Future trends in the egg marketing


The IEC Global Leadership Conference in Kuala Lumpur was held from the 18th to 22nd September 2016 attracting over 360 delegates from the egg industry, representing 44 countries globally focusing on future trend in the egg marketing.

This year the IEC Global Leadership Conference featured a wealth of industry leaders, who provided stimulating views on key topics such as: successful egg marketing, research updates on eggs in human nutrition, the role of egg products, disease control, industry-focused discussion and marketing workshops, the role of the G20 countries in global egg production and trade, as well as individual country and regional egg processing regional reports.

Introduced to the IEC Global Leadership Conference Programme in Kuala Lumpur was the Industry Viewpoint; a series of succinct reports on marketing and ways to increase egg consumption and production issues addressed to improve on-farm safety programmes and feed sustainability and profit. This segment not only provided insightful information from the speakers but also served well to spark discussions and viewpoints from the delegates.

The future of the egg marketing
Dr. David Bosshart presented the vision with a discussion on the “Impact of digital media on food purchasing”. He stressed on the important role that digital media plays in the way consumers are being influenced. Digital media is playing a pivotal role in the vision of the future. This is a visual age and pictures say a thousand words. Pictures of food are, in fact, being shared globally via social media to the point of being an influencing tool. Consumers are recording every experience, which they upload and share digitally. This creates a feedback loop that increases both the value of a product, as well as the value of users’ response. This will inevitably influence the future of consumer purchasing habits. Eating has become the new shopping and a revolutionary experience; each time a consumer dines, their photos tell a story through digital media.

Efficiency in time, faster lifecycles and innovations also play key roles in food purchasing. Dr. Bosshart believes there has to be a mind shift in retail as we adapt to higher consumer expectations; we should listen more to customers than listening to data. It is also vital to redefine proximity, improve efficiency and find creative ways to reach consumers because they hold the deciding power.

Bob Langert, VP of sustainability (retired) from McDonalds followed up with a presentation on “Global food trends: Sustainability & Housing systems”. He shared his experience on brand protection and meeting customer demands. His presentation focused on three core issues: the ever-changing consumer trends, the importance of sustainability and the vast opportunities that are available.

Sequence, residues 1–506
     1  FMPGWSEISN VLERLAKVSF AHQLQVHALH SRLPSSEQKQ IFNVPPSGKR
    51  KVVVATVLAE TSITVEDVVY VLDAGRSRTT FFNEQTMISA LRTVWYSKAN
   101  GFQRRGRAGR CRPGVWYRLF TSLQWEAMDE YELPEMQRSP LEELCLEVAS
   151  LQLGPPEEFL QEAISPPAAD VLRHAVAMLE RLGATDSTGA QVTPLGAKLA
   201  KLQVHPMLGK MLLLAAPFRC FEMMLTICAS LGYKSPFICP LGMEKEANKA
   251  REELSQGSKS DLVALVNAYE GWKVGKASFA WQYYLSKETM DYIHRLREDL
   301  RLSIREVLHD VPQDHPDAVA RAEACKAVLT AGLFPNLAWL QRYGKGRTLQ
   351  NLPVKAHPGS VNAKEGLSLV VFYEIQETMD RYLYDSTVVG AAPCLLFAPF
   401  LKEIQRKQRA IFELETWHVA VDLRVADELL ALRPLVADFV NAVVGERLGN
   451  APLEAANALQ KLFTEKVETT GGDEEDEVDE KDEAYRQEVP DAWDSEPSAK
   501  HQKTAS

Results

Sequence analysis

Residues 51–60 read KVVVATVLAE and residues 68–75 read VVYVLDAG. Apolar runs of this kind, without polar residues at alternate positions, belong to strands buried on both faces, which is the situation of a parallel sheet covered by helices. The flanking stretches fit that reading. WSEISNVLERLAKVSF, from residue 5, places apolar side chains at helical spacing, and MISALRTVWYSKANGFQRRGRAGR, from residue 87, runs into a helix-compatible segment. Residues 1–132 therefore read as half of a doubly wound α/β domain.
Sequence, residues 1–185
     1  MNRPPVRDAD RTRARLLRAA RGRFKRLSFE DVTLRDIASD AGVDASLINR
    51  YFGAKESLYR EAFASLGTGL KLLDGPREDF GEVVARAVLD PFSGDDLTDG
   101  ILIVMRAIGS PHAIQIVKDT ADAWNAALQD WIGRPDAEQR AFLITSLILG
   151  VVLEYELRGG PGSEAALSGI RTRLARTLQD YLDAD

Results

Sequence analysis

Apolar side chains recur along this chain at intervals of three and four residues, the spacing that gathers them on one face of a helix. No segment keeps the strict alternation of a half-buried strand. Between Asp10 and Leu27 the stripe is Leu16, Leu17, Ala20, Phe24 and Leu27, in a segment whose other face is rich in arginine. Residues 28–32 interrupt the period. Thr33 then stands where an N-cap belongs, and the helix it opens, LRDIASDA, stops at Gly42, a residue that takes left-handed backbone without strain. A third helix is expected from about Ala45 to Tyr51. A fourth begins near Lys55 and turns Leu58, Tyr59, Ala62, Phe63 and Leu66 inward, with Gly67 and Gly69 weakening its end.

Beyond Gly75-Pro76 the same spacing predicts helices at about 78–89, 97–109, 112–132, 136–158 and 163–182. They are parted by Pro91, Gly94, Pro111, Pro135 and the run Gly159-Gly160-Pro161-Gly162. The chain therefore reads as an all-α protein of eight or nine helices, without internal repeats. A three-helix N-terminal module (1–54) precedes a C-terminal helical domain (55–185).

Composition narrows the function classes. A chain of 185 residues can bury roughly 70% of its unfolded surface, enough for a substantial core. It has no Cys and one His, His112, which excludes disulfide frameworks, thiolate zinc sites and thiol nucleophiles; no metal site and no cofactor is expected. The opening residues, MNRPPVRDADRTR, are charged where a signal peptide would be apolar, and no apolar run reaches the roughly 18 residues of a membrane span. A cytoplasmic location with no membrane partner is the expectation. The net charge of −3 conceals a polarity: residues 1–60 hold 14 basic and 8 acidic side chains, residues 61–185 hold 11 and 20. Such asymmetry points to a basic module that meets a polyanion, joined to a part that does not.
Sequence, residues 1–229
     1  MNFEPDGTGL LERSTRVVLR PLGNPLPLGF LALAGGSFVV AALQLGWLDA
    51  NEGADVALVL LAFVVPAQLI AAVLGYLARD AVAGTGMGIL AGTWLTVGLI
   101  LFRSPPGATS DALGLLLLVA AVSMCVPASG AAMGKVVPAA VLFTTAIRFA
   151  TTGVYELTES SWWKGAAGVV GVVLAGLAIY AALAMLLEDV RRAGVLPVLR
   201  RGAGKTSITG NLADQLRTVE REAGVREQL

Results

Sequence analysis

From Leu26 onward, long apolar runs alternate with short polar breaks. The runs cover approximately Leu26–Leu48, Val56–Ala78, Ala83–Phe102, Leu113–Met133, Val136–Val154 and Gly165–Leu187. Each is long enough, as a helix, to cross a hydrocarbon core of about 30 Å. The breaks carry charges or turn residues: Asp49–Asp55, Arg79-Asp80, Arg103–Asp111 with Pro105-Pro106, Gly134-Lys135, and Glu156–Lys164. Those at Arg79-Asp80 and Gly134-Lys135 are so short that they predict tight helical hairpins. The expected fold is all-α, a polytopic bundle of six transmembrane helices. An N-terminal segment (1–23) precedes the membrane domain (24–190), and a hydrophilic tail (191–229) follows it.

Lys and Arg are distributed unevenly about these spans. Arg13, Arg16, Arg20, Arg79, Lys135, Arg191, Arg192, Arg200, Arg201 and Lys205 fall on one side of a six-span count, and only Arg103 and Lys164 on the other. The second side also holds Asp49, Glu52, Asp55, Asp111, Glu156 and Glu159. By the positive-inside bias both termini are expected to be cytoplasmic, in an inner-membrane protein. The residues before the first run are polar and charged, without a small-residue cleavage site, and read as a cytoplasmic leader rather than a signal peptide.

Mr. Langert stated that changes in corporate policies surrounding sustainability should be a direct response to user demands. The fact is, consumer trends are changing; consumers are becoming more aware and care about where their food comes from, as well as what’s in it and how it is processed. The bottom line is that consumers care about sustainability; therefore it is vital for any business to make a positive difference in society by having a shared vision with their consumers.

He emphasized the value of maintaining dialogue with consumers and activists, and encouraged working together with any “adversary” groups to reach a mutual agreement because initial conflict creates opportunity for achieving positive outcomes.

People are the future
The Leadership Lecture entitled “The Future of People in Our Business” provided the delegates with insightful tips on creating a productive employer-employee relationship.

Prof. Dr. Manfred Winterheller stressed on the importance of knowing how to deal with people so that it can contribute to the successful growth of a company.

He described the two types of managers that can affect the workplace in either a positive or negative way. The problem-oriented manager cares for the work directly and personally but does not work well with a team, which results in higher stress levels and limited problem-solving capacity. He stated a manager, who does not work with his team, is no better off than one who has no team.

However, the solution-oriented manager on the other hand, operates on a continuum-based leadership, where there is mutual respect between the leader and the team, and allows the team to carry responsibilities effectively. According to Prof. Winterheller, conversations are also important because they can either focus on people or on problems. Sound leadership communication that facilitates trust and deepens loyalty and enhances achievement, whereas problem-centred communication will ultimately weaken relationships and lead to failure.